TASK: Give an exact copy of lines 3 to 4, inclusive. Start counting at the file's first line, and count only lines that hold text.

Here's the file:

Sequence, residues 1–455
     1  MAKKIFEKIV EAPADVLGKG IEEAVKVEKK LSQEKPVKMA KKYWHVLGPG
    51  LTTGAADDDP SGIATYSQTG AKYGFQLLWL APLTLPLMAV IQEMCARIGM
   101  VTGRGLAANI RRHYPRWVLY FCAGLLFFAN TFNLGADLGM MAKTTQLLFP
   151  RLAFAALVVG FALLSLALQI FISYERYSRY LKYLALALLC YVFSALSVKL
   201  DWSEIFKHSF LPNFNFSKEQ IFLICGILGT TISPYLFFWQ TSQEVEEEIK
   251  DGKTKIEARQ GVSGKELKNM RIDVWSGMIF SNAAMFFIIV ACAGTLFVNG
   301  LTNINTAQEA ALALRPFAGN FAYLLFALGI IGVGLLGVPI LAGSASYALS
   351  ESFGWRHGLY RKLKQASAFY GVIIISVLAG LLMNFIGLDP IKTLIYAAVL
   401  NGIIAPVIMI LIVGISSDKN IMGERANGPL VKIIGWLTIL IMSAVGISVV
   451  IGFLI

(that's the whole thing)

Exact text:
    51  LTTGAADDDP SGIATYSQTG AKYGFQLLWL APLTLPLMAV IQEMCARIGM
   101  VTGRGLAANI RRHYPRWVLY FCAGLLFFAN TFNLGADLGM MAKTTQLLFP